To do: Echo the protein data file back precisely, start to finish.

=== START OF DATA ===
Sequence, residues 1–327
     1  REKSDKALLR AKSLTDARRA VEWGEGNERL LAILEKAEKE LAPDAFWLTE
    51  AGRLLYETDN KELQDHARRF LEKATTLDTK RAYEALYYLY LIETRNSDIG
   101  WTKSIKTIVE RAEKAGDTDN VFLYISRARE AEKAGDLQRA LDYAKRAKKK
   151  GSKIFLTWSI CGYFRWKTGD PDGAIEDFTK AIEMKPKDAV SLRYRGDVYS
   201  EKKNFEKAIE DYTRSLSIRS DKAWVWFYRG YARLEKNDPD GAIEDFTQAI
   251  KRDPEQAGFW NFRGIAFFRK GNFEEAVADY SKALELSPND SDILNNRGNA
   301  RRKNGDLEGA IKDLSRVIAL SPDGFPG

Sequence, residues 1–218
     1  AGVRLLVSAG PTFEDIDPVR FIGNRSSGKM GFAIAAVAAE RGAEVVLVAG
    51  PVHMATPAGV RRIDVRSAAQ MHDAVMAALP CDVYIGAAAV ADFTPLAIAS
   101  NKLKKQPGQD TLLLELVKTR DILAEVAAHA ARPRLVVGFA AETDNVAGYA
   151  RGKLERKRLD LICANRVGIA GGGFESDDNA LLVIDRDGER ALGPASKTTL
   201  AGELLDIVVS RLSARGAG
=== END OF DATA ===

Sequence, residues 1–327
     1  REKSDKALLR AKSLTDARRA VEWGEGNERL LAILEKAEKE LAPDAFWLTE
    51  AGRLLYETDN KELQDHARRF LEKATTLDTK RAYEALYYLY LIETRNSDIG
   101  WTKSIKTIVE RAEKAGDTDN VFLYISRARE AEKAGDLQRA LDYAKRAKKK
   151  GSKIFLTWSI CGYFRWKTGD PDGAIEDFTK AIEMKPKDAV SLRYRGDVYS
   201  EKKNFEKAIE DYTRSLSIRS DKAWVWFYRG YARLEKNDPD GAIEDFTQAI
   251  KRDPEQAGFW NFRGIAFFRK GNFEEAVADY SKALELSPND SDILNNRGNA
   301  RRKNGDLEGA IKDLSRVIAL SPDGFPG

Sequence, residues 1–218
     1  AGVRLLVSAG PTFEDIDPVR FIGNRSSGKM GFAIAAVAAE RGAEVVLVAG
    51  PVHMATPAGV RRIDVRSAAQ MHDAVMAALP CDVYIGAAAV ADFTPLAIAS
   101  NKLKKQPGQD TLLLELVKTR DILAEVAAHA ARPRLVVGFA AETDNVAGYA
   151  RGKLERKRLD LICANRVGIA GGGFESDDNA LLVIDRDGER ALGPASKTTL
   201  AGELLDIVVS RLSARGAG